Bureau of Economic Analysis
Survey of Current Business
Table of Contents
Selected articles may be accessed by clicking on the links below. (An Acrobat (PDF) version of the table of contents is also available; however, links to other files will work only when you use Acrobat Reader 4.0.)
The "final" estimates for the third quarter of 1994 show a growth in real GDP of 4.0 percent, about the same pace as in the second quarter. Real GNP increased 3.8 percent, also about the same pace as in the second quarter. Corporate profits increased $9.6 billion, considerably less than in the second quarter, when they had rebounded from the effects of the Northridge, California, earthquake.
30 U.S. International Transactions, Third Quarter 1994 (PDF)
The U.S. current-account deficit increased $3.8 billion, to $41.7 billion, in the third quarter. The deficit on goods and services increased, as merchandise imports increased more than merchandise exports. The deficit on investment income also increased, as income payments on foreign assets in the United States increased more than income receipts on U.S. assets abroad.
4 National Income and Product Accounts (PDF)
4 Selected NIPA Tables
23 NIPA Charts
25 Reconciliation and Other Special Tables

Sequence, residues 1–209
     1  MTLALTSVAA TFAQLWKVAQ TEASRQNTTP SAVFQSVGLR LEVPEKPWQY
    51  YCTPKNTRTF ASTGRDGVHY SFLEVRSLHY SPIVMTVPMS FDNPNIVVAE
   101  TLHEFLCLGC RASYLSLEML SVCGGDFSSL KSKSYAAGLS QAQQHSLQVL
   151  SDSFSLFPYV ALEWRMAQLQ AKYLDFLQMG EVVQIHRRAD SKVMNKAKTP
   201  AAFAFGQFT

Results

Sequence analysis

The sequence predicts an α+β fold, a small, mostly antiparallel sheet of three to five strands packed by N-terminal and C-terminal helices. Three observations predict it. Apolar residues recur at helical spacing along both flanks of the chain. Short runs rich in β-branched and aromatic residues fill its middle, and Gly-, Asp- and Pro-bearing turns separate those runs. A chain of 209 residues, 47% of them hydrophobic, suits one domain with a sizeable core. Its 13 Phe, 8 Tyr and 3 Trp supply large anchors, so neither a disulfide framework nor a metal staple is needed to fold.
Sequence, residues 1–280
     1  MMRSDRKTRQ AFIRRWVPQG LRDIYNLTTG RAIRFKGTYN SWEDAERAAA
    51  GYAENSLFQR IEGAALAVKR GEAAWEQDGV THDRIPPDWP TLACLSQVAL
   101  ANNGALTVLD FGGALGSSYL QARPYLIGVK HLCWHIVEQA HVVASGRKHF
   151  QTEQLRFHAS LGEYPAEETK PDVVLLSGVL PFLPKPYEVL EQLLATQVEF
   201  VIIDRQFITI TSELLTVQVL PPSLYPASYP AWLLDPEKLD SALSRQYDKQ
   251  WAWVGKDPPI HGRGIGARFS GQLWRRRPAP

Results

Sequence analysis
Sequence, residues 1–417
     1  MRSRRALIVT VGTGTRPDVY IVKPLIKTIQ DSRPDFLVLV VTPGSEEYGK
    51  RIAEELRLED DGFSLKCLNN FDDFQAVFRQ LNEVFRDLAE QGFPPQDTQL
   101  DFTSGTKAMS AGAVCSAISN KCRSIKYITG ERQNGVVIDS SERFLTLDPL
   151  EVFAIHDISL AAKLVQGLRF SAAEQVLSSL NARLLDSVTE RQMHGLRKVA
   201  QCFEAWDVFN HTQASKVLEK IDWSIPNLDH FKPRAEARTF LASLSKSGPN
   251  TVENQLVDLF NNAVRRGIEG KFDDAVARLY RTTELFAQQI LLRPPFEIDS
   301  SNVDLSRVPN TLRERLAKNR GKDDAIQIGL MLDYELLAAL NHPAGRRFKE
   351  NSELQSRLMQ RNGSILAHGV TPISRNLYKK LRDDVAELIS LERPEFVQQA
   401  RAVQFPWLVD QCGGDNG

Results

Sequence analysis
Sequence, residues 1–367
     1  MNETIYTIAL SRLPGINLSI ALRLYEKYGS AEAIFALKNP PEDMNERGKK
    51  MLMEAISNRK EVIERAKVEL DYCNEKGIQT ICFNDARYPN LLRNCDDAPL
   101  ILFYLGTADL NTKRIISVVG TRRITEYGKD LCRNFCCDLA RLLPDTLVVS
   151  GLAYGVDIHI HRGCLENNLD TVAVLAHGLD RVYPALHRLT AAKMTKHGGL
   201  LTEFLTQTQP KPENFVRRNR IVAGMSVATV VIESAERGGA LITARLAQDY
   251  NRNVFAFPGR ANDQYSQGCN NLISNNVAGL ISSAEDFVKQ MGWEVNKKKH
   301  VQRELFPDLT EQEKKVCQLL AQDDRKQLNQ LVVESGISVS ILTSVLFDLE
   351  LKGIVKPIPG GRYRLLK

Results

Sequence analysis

26 Selected Monthly Estimates (PDF)
28 Constant-Dollar Inventories, Sales, and Inventory-Sales Ratios for Manufacturing and Trade (PDF)
57 1995 Release Dates for BEA Estimates (PDF)
58 Subject Guide: Volume 74 (PDF)
C-1 Business Cycle Indicators (PDF)
C-1 Data tables
C-6 Footnotes for pages C-1 through C-5
C-28 Historical data for selected series
Userís Guide. An updated "Userís Guide to BEA Information" will appear in next monthís SURVEY. The guide contains descriptions of BEAís programs, products, and services, as well as order information and forms.
Mid-Decade Review.As part of a mid-decade strategic review of the national, regional, and international accounts, BEA will publish a report in the February SURVEY that identifies the most pressing needs of the system and that recommends specific steps to address these needs. The mid-decade review is designed to guide improvements in the Federal Governmentís statistical picture of the U.S. economy.